Eurozone manufacturing activity accelerated in October as new orders continued to increase. The result means that October was the fourth month of growth in a row.
Reuters reports that the final Manufacturing Purchasing Managers’ Index (PMI) for October increased to 51.3. This compares to the September figure of 51.1.
A reading over 50 represents expansion, while a reading under 50 represents a contraction of economic activity.
The result is in accordance with an earlier flash reading and with the consensus forecast of economists.
The result can be attributed to modest strength in Germany and other northern economies. In contrast, there was a continued weakness in many of the bloc's southern economies.
The figures suggest that the divide between the strong northern European economies and those in the South, which have been at the centre of the eurozone's debt crisis, is still a significant problem.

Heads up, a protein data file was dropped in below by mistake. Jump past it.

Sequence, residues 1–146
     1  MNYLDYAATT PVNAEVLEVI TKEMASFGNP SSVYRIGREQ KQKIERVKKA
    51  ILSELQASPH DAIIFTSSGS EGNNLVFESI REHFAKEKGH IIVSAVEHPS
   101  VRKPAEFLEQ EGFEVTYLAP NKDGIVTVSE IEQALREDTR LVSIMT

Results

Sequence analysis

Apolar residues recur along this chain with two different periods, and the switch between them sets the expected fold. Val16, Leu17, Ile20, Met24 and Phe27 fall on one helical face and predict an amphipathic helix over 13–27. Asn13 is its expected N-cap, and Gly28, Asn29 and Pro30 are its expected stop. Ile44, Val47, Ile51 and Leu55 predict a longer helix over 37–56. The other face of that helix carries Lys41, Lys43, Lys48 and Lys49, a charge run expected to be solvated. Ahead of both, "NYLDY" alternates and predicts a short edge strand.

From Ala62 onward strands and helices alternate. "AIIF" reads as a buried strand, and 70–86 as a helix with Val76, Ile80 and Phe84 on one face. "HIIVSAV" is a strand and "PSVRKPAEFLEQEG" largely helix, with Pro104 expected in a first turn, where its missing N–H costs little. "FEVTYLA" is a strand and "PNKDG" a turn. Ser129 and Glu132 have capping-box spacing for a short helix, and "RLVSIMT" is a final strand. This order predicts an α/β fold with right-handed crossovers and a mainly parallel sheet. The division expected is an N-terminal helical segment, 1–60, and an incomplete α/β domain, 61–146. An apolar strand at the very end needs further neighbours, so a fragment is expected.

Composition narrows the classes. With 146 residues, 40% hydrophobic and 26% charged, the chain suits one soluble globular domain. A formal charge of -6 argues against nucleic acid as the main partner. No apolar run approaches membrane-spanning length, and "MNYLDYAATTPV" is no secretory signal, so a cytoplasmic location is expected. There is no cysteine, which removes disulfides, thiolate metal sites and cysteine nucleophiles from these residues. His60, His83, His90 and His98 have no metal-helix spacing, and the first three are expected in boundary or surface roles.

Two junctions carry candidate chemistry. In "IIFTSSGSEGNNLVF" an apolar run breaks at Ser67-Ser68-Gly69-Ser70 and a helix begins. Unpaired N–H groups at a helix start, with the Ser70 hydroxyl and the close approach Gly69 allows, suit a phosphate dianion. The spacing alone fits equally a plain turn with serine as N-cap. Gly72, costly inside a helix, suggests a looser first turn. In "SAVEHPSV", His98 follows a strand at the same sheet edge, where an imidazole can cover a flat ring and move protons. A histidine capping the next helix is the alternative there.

The best performing nations were the Netherlands, Austria, Germany, and Ireland.
There was little change to existing growth rates in Italy and Spain, while France and Greece recorded negative results.
"The survey indicates a marked turnaround in the health of the manufacturing economy," said Markit's chief economist Chris Williamson of Monday's manufacturing results. "However, while the recovery goes on, it is by all measures frustratingly slow."
The result comes as global activity in the sector is also on the increase. Global manufacturing activity in October increased at its fastest pace in more than two years.